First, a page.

MArks & SPENCER reported a small rise in sales of its flagship womenswear, saying it was a sign years of investment were starting to pay off despite a 12th consecutive quarterly drop in overall general merchandise sales.
The country’s biggest clothing retailer, which also sells upmarket food, said first-quarter sales were held back by its transition to a new website, as previously flagged, and kept its full-year profit guidance.
It said sales of womenswear at stores open over a year were “slightly higher,” without providing a figure. But some analysts said chief executive Marc Bolland still had much to prove.
“It will still take a considerable amount of time for M&S to demonstrate that it can break the mould, grow its non-food offer, maintain market share and build earnings,” said Shore Capital’s Clive Black, who has a “hold” stance on M&S stock.
Mr Bolland, CEO since 2010, has spent £2.3bn over the past three years in a push to address decades of underinvestment, overseeing the redesign of products and stores and an overhaul of logistics to serve the new website.
However, a new clothing team he set up in 2012 has failed to deliver a sustained increase in sales and, for the first time, M&S earned less in the year to the end of March than its faster-growing rival Next.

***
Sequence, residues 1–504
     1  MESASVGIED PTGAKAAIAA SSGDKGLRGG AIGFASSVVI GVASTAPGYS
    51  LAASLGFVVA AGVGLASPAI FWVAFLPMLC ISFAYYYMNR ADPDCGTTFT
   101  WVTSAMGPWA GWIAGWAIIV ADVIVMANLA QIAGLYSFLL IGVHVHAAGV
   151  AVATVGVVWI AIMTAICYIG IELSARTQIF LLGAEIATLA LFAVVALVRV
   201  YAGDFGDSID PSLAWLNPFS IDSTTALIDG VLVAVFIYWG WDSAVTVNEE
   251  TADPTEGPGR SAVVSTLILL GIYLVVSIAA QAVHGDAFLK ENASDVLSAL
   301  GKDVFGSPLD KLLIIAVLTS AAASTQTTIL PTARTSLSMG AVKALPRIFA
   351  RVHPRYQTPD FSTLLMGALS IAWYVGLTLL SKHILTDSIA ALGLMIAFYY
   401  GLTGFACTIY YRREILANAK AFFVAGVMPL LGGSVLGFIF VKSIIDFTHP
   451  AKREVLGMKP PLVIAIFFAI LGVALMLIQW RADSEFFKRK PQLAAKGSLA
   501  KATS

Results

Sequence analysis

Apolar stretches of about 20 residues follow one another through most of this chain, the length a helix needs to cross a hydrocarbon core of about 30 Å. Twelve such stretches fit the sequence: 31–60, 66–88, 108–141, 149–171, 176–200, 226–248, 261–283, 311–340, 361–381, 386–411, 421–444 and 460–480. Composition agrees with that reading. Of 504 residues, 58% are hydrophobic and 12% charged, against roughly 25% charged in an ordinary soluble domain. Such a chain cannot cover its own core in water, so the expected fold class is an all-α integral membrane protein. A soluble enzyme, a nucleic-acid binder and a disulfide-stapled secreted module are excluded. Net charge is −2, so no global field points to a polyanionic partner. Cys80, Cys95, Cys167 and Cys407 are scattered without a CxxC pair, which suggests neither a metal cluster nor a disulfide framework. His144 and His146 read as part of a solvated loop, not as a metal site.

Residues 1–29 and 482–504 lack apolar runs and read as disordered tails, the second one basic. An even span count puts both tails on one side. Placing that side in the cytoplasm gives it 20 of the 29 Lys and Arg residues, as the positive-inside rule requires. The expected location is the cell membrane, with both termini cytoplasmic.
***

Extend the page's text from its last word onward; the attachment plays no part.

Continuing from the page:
The new website, launched in February, is a pillar of the intended transformation of the 130-year-old business into an international retailer reaching customers through stores, the internet, tablets and mobile devices.
The CEO announced a shuffling of executive responsibilities last week, putting online boss Laura Wade-Gery in charge of UK retail - a move which sparked speculation the firm was planning for an eventual successor to Mr Bolland.
M&S said like-for-like sales of non-food products, spanning clothing, footwear and homewares, fell 1.5 per cent in the 13 weeks to June 28.
The firm said M&S.com sales fell 8.1 per cent, though there had recently been a gradual improvement in performance.
It said it expected the site to return to growth ahead of Christmas.